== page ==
How to Develop a Content Strategy

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CONTENT MARKETING STRATEGY

Content Strategy DiagramContent is still King.  This is one fact that everyone agrees on. In fact, it may even be more important today than it was in the past. According to the GlobalSpec Industrial Buy Cycle Survey, 83% of buyers review up to three pieces of content before making a decision on purchases under $1,000, while 70% of buyers review four or more pieces of content on purchases greater than $10,000. So, how can we develop a content strategy?

This content can be seen in various forms; videos, data sheets, white papers, Webinars/Webcasts, ROI calculators, case studies, testimonials and more. Before you try to provide this level of depth and relevancy, your company should have a content strategy. Developing a content strategy requires patience and various steps that include defining your audience, identifying content gaps, identifying content experts, generating content, posting content, and ongoing content management. Let’s look at each step.

Define your audience

We start the process out by defining your audience. You should understand who your customers are, how they make buying decisions, and what type of information they need to feel comfortable about making their buying decision.

Even if your company sells only a few types of products, your customers’ buying behavior can vary widely. Typically, there are three types of buyers. You will likely need content to meet the information needs of each of these buyers:

  1. Analytic buyers – concerned about whether the product being considered can solve the problem they face.
  2. Technical buyers – concerned about how well a product/service works or fits within their company’s environment.
  3. Economic buyers – concerned about achieving a return on investment for their purchase.


Identify gaps in content

Once you understand your audience, it’s time to assess your existing library of content to see how it matches up to your audience’s needs. You probably already have a lot of content: Presentations, PDFs, blog entries, Web pages, case studies, perhaps some videos and Webcasts and white papers.

Gather and organize all of your content and map it to one of your three buyers. Look for what’s missing? Depending on what you have it could be a lot. If you may have new products/services coming out, you’ll need to develop content for those as well. This is also a good time to archive/purge any content that is no longer relevant in terms of messaging or positioning.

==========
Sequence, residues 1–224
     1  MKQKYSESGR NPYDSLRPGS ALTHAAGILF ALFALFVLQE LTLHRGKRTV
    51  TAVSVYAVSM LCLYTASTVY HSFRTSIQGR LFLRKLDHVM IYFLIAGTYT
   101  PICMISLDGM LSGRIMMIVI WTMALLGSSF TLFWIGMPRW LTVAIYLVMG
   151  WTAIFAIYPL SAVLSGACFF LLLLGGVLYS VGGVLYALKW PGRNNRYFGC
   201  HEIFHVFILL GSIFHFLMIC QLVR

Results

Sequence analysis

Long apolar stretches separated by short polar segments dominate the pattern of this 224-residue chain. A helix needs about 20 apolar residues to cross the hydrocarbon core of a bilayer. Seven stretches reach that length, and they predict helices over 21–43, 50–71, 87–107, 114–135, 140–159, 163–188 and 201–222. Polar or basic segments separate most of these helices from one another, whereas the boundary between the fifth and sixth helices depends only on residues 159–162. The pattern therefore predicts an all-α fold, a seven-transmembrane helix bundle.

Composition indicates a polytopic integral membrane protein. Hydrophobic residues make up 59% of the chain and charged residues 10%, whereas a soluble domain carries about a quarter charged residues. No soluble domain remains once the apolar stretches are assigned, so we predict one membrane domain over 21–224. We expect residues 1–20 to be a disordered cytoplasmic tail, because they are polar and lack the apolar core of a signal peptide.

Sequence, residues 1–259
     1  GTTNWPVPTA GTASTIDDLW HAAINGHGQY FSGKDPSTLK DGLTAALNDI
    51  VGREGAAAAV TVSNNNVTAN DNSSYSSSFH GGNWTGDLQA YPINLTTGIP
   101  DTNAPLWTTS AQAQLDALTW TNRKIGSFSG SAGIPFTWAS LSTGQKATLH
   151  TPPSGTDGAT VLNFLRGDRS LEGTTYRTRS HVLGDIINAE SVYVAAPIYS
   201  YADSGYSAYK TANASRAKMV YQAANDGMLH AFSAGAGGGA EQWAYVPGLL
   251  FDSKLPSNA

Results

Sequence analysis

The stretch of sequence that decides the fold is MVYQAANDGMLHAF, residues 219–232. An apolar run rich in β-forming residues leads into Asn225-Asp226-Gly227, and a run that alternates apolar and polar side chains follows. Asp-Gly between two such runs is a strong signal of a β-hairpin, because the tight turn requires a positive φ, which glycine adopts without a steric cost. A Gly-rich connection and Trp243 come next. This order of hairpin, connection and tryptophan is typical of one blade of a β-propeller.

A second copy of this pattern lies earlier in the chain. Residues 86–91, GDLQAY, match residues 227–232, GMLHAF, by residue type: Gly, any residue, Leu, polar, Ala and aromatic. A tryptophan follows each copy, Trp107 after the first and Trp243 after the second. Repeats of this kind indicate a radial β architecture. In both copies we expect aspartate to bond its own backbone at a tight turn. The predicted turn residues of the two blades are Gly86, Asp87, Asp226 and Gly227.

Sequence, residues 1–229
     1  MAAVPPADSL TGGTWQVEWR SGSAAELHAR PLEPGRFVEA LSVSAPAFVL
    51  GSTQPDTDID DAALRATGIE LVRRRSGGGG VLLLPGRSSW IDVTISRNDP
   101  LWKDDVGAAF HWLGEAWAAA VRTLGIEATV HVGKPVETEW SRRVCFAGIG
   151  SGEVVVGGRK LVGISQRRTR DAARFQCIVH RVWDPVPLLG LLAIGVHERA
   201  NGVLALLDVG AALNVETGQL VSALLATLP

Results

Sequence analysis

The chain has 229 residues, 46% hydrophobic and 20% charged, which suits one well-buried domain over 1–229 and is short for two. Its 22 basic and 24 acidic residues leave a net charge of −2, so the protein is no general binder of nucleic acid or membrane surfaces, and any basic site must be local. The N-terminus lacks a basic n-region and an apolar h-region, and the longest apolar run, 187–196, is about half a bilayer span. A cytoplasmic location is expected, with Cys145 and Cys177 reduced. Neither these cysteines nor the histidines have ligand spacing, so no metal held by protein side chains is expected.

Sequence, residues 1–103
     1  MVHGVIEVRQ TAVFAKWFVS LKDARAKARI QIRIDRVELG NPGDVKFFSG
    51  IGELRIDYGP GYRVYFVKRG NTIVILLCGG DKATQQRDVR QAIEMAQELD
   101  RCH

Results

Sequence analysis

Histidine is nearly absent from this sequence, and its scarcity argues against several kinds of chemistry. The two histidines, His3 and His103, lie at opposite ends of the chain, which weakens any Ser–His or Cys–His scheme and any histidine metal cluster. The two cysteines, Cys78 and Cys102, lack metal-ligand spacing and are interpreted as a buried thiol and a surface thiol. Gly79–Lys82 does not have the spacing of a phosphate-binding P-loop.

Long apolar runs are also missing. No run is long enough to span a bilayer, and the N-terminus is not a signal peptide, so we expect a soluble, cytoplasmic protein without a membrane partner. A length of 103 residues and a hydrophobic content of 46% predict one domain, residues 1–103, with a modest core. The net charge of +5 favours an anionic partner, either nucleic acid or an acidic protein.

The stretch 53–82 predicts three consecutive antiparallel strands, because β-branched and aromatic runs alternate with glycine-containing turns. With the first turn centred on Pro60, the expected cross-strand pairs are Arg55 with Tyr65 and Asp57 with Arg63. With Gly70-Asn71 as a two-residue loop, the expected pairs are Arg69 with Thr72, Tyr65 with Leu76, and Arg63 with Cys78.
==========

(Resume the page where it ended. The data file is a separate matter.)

Identify content experts internally

You have content experts in your midst.  They may not be scholars at writing but they know your product and services inside out as well as how those product and services fulfill a need for your audience.  It’s important to interview these experts on a regular basis.  You can record the sessions and then turn that recording over to someone like us to create new relevant content for each audience.

Generate new content

Even if you have a lot of new content to create, the good news is you don’t have to tackle it all at once. You should prioritize the most important pieces that need to be created. There’s a good chance you can re-use some of your existing content. For example, you might be able to take a technical white paper and turn it into a best-practices article or a series of articles for an analytic buyer.

The ROI calculator is great for an economic buyer.  The economic buyer also likes customer case studies and video testimonials that talk about the financial benefits of your products/services. For analytical buyers, try a white paper that explains your company’s innovative approach to solving a customer problem.

Post content to your audience

You probably already know that the vast majority of buyers go online to find content, and that’s where you should focus your publishing efforts.  Your content obviously needs to be placed on your website but it also needs to be loaded on various social sites, article directories, video directories, etc.

Your sales team should also use this new content.  They can send different PDF’s of the content to prospects their working with.  It provides a reason for another touch point.

Manage content going forward

One advantage of publishing content online is that you can see how popular it is with your audience by tracking various analytics like page views, click-throughs, downloads, and time spent viewing videos. These statistics can help you identify what content is more important to your audience/s.  When a particular piece of content has a high rate of audience interaction you will want to create more content just like it.

You’ll also want to track all of your content in a content matrix.  You can use something as simple as a spreadsheet to accomplish this.  Create fields in your spreadsheet for format, publication date, audience, metrics, expiration date, etc. You should move content that is no longer relevant to another tab within your spreadsheet as to archive it.  It’s always a good idea to archive old articles as long as they have some relevant search fields to find them later if needed.  You never know when you might want to reference back to a time before or show how you’ve been handling a specific area for a long time.

Every three to six months you should re-evaluate your audience and content strategy to make sure it’s still hitting the mark.  Times change, people’s needs change, products change, etc.  It’s important that you plan for a time of re-evaluation to make sure the time you’re spending is tied to a relevant strategy that works.

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